The Ground for Spiritual Development

Cultivating Basic Sanity
The Ground for Spiritual Development

By Joan Kaplan, MA, LMT

Published in Natural Awakenings: Healthy Living, Sarasota, Florida

I first heard the term “basic sanity” from my meditation teacher, Chogyam Trungpa Rinpoche. Rinpoche had been abbot in a monastery in Tibet until the Chinese occupation forced him to escape. A highly realized teacher, he traveled to England and studied comparative religion and psychology at Oxford University and arrived in America in the early 1970’s. Because he was fluent in the English language, he was one of the first Tibetan teachers who could speak to western students directly, without a translator. He had a keen insight into western mind and a rare gift in understanding western students of the time. After the tumultuous sixties so many of my generation were exploring outside of the mainstream culture. We were questioning everything, down to the very fabric of the reality in which we lived. Many were increasingly drawn to follow a spiritual path, and the market was overflowing with books, teachers, and all kinds of trips.

Our teacher clearly instructed us that a true spiritual path involved an unmasking; a peeling away of the layers that covered our inherent wakefulness. One must diligently guard against the trap of self-deception, as ego was always looking for self-congratulations. It was not about becoming more of anything; rather it was about stripping away the veils of illusion which obscured what was inherently brilliant and awake. This path was not about religion, beliefs, dogma or rules. This path was about being real; it was about touching our authenticity as human beings; about becoming awake. To study in this way was to begin a practical course of self-discovery and a rigorous personal exercise in spiritual awakening.

This Eastern model of psychology differed from the western model in significant ways. Rather than being based on a model of psychopathology, the model was about sanity and wellness. It was explained that different styles of energy had both a neurotic aspect and a wisdom aspect. Our work was to transform neurosis, or confusion, into wisdom by working with the energy of mind. From this perspective there is nothing to get rid of. In fact, the whole notion of getting rid of anything is faulty, since if we push something down in one place it will pop up someplace else. We must work with the energy and by doing this we become able to transform it. In meditation practice, as we create a space between habitual thoughts and the mind begins to settle, we become more intimately aware of the nature of our own minds. Through this awareness we can begin to develop insight. Its like maturing and gradually learning how to take responsibility for the content of our own minds. We get to see that we can slow the mind down and experience a little gap; a breath of fresh air; something other than the habitual unconsciousness we usually are living in. And through this we become more able to be present in the moment.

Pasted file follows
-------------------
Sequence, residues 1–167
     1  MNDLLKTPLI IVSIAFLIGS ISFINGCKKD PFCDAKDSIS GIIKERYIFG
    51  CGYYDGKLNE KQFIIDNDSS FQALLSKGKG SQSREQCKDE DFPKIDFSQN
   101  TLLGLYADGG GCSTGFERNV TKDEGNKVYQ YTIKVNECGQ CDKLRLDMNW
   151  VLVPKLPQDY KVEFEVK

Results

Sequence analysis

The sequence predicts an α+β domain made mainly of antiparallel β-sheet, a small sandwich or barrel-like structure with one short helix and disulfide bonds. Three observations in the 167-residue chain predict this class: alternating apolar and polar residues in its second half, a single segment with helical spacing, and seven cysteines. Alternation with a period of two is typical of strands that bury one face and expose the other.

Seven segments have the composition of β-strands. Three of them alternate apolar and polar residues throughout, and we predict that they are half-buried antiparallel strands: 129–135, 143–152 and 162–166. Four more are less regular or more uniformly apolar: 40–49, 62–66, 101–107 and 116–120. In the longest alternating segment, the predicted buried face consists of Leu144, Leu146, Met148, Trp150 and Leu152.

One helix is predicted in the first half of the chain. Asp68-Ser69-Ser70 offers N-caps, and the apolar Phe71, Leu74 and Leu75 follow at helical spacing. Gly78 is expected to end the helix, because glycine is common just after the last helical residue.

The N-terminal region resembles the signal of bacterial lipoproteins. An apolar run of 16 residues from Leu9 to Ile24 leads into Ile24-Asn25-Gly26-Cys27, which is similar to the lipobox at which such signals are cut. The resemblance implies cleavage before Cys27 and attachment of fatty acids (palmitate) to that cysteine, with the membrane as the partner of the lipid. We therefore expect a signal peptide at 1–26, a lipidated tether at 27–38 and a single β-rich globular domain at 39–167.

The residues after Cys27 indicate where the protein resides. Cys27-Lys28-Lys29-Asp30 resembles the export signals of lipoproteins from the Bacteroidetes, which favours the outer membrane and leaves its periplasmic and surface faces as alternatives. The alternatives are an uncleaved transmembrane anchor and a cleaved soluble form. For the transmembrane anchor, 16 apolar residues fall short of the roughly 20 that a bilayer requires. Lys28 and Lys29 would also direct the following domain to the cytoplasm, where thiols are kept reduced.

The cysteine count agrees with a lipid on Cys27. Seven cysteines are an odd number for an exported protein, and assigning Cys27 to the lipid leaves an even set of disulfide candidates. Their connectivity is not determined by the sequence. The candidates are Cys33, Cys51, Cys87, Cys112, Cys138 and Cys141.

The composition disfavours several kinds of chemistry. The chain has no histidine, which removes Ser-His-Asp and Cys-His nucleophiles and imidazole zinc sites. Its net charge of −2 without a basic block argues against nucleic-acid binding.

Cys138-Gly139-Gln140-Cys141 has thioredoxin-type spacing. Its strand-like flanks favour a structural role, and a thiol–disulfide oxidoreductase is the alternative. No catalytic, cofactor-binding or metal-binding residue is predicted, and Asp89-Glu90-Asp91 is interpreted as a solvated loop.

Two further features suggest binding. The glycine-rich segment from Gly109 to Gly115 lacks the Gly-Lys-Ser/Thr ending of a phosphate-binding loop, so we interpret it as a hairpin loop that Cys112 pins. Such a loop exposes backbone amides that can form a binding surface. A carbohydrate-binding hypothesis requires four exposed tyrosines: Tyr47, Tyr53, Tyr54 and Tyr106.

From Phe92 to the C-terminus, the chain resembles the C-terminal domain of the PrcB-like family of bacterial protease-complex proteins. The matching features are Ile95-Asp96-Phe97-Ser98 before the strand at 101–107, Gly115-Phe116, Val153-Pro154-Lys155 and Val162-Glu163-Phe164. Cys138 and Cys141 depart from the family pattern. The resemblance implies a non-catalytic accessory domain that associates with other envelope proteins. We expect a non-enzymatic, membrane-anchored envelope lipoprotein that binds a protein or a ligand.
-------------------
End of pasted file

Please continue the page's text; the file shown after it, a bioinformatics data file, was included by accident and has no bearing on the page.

Cultivating basic sanity is like creating a foundation through discipline, mindfulness, and breathing that can be returned to again and again. First you hear that it is possible to do this and then, if you are motivated, you develop the discipline and courage necessary to take this journey. It is indeed a warrior’s journey, for it will require fearlessness, or the ability to continue to walk forward even though you experience fear. When we really understand something we don’t need theory anymore; we can say it in whatever language the situation calls for. It is not about religion; it is about awareness. The Eastern traditions talk about “enlightenment.” In the Naropa psychology program Chogyam Trungpa Rinpoche talked about “brilliant sanity”. It is only our perspective that has to change to understand that we live in a sacred world.

There is a place inside of all of us that is inherently sane and unconditionally wise and awake. It is the essence of our humanness and it is where peace and true happiness is to be found. If we can practice returning the mind to this foundation we will no longer be driven by our hopes, our fears, and our habitual patterns. It will allow us to continue in our spiritual development and also serve as a refuge when life is challenging.

Joan Kaplan, MA, LMT holds a Master’s degree in clinical psychology and studied contemplative psychology under the direction of the late Venerable Chogyam Trungpa Rinpoche. As a Healing and Mindfulness Coach she facilitates gentle and caring insight into life’s challenges by helping people build a foundation of mindfulness in everyday life.

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